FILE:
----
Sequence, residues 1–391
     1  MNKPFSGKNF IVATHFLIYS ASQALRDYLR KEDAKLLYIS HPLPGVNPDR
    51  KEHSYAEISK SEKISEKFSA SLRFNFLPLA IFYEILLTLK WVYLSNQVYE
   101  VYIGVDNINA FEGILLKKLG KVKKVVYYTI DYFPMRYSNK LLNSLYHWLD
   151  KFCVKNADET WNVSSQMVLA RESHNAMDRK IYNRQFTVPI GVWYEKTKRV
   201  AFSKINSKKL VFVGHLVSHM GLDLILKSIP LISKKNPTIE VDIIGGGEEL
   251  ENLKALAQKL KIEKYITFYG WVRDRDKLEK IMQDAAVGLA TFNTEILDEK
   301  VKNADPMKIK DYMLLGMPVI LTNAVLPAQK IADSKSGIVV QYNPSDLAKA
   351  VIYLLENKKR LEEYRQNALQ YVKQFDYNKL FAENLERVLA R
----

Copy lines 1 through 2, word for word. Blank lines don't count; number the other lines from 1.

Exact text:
Sequence, residues 1–391
     1  MNKPFSGKNF IVATHFLIYS ASQALRDYLR KEDAKLLYIS HPLPGVNPDR